With most bus stops in the United States, they are very boring looking. If you are lucky, they consist of some plastic, maybe some advertisements, and that’s about it. Occasionally you’ll come across a city that focuses a lot on their public transit and they may add art from local artists to the bus stops as well. This is only if you are lucky. In most cases, you are standing next to a pole that has the bus number next to it, exposed to the elements, waiting for your ride. Recently Canadian photographer Christopher Herwig noticed that in Russia, there were a lot of bus stops that had a lot of unusual art and architecture to them. He decided to travel 18,000 miles around the former Soviet states searching for these bus stops and shelters. Soviet authorities gave local architects free rein when it came to these bus stops because they were more or less insignificant at the time. Going all the way from the Black Sea to the Kazakh Steppe, Herwig found bus stops showing off the artistic ability of Soviet architects and artists alike. The total project took Herwig 12 years to complete, and he compiled all of his images in a book. this book has actually sold out on his Kickstarter page as well. Check out these Soviet bus stops.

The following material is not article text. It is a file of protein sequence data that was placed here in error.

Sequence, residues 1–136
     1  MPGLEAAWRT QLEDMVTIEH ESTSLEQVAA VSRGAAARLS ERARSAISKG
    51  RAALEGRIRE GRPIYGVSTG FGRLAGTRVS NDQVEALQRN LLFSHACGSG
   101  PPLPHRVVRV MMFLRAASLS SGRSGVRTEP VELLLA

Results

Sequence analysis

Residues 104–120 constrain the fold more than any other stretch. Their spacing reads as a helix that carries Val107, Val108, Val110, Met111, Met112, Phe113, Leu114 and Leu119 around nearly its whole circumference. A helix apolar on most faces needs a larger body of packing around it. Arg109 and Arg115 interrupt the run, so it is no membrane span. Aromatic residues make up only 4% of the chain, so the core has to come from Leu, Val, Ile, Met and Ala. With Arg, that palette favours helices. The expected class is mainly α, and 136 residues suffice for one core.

Altay Mountains, Kazakhstan
It’d be great to see other cities and countries do this to their bus stops, not only adding a bit of art to their surroundings, but also providing shelter for their residents who travel using public transit. It’s great that Christopher Herwig was able to really take advantage of the beauty around him and throughout the Soviet states, and now he’s sharing them with anyone and everyone through his book. It’d be interesting to travel to these same areas just to see these Soviet bus stops and shelters in person.